Original Tuskegee Airman reflects on WWII

July 2, 2011 (CHICAGO)

George Porter was one of the original Tuskegee Airmen, which was the first all black U.S. military unit of World War II pilots, navigators, bombardiers, mechanics and others.

"We didn't know we were making history at the time. But I tell you what, I did my best," Porter said.

In town for his family reunion, the 89-year-old Louisiana resident took in the DuSable Museum's "Black Wings" exhibit on its opening day. The traveling Smithsonian presentation chronicles not only the experiences but also the impact of Americans of African descent like Bessie Coleman and Benjamin O. Davis in aviation.

"The Fourth of July is Independence Day, and we're celebrating American dreams of flight. We're talking about pioneers in aviation who were African American," said DeMarcus Hyler with the DuSable Museum of African American History.

The "Black Wings" exhibition will be at the DuSable Museum through September 25.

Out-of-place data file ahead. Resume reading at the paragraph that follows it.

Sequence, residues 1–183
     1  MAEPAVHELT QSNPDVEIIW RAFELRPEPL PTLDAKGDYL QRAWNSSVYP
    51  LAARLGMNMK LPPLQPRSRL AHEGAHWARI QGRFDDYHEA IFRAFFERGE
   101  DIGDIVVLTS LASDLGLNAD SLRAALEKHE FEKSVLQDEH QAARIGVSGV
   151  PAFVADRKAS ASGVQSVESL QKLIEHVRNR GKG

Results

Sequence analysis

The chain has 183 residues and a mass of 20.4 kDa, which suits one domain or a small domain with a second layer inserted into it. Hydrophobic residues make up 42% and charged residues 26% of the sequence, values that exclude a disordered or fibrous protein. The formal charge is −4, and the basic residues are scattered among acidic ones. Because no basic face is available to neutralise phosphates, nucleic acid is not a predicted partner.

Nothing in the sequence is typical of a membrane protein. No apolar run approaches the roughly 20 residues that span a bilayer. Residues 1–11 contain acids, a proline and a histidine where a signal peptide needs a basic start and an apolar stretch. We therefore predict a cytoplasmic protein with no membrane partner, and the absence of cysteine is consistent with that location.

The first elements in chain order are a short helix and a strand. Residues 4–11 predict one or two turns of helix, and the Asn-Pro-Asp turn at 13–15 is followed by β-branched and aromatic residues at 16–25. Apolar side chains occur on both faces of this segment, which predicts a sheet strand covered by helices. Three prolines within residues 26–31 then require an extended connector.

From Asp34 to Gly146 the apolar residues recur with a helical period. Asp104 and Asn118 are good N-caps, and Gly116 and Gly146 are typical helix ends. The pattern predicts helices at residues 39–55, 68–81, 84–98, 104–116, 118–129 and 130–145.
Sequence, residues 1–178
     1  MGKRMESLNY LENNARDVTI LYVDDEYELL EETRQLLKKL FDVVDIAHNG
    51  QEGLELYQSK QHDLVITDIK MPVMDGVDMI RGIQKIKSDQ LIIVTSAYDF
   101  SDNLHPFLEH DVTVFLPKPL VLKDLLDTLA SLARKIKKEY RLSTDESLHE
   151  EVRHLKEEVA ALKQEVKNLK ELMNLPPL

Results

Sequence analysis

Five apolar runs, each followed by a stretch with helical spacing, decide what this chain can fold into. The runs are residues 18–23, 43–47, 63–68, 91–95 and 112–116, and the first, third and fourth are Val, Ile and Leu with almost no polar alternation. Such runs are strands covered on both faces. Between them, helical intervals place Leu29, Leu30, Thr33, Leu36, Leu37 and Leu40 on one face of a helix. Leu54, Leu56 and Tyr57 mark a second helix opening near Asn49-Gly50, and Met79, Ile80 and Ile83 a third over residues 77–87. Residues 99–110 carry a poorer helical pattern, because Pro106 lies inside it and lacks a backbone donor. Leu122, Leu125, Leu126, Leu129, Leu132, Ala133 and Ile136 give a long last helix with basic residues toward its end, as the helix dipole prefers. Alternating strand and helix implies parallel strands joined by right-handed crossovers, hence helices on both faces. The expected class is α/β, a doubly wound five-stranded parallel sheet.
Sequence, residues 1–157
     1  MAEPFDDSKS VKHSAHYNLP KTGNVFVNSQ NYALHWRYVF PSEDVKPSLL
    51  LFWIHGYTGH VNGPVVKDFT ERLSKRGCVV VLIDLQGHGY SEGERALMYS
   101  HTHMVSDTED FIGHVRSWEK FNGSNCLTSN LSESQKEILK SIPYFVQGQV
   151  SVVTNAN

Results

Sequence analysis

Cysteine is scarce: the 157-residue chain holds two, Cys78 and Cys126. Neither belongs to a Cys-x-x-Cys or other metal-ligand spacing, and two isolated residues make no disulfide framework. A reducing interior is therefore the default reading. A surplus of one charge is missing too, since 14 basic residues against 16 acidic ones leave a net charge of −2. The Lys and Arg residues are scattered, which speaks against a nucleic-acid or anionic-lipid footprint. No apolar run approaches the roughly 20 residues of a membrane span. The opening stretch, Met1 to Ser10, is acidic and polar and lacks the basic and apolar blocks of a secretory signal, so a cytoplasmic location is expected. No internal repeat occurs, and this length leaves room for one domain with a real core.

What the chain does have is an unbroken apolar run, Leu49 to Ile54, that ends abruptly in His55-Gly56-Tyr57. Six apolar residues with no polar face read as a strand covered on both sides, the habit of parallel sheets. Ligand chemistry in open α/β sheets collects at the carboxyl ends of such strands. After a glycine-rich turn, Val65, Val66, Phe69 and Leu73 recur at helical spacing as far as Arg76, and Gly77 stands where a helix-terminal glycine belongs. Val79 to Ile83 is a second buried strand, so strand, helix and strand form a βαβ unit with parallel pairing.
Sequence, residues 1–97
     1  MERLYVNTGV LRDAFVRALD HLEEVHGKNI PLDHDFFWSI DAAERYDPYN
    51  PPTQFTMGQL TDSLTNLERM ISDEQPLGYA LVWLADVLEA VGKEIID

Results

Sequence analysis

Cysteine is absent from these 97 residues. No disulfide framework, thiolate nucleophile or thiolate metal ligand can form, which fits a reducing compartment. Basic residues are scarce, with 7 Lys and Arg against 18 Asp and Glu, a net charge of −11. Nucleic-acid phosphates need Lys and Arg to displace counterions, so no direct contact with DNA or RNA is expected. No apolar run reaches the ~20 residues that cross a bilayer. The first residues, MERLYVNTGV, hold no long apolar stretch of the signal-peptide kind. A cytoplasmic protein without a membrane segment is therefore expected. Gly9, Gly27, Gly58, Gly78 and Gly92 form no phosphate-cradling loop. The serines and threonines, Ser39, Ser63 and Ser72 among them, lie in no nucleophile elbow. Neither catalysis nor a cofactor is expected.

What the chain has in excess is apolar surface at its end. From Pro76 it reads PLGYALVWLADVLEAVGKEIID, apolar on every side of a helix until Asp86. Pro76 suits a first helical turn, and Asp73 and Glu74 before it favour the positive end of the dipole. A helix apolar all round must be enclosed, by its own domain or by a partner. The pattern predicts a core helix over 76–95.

After being drafted in 1942, Porter became one of the original member of the storied group, which was named for the Tuskegee Institute in Alabama where they trained. Among other duties, Porter was a test flight engineer in the 477th Bombardment Group, and was also a maintenance inspector for the B-25 aircraft.

"I loved those guys you see up there, I cleaned their airplanes for them and everything," Porter said while gesturing at some of the photos in the DuSable Museum exhibit.

It was President Franklin D. Roosevelt who created a civilian flight training program at six black colleges and Tuskegee became the most known. From 1941 to 1946, roughly 15,000 African American men and women trained at Tuskegee. Of the nearly 1,000 pilots who graduated, 450 went overseas and 66 died in combat.

In 1948, President Harry Truman issued an executive order ending segregation in the United States Armed Forces.

Porter retired in 1965 from active military service, and after 23 years of fighting America's enemies abroad while facing racism at home, Porter says he hopes the next generations will not forget the sacrifices of the past.

"What I want them to see is how blacks achieved and made a place for themselves in the history books," Porter said.

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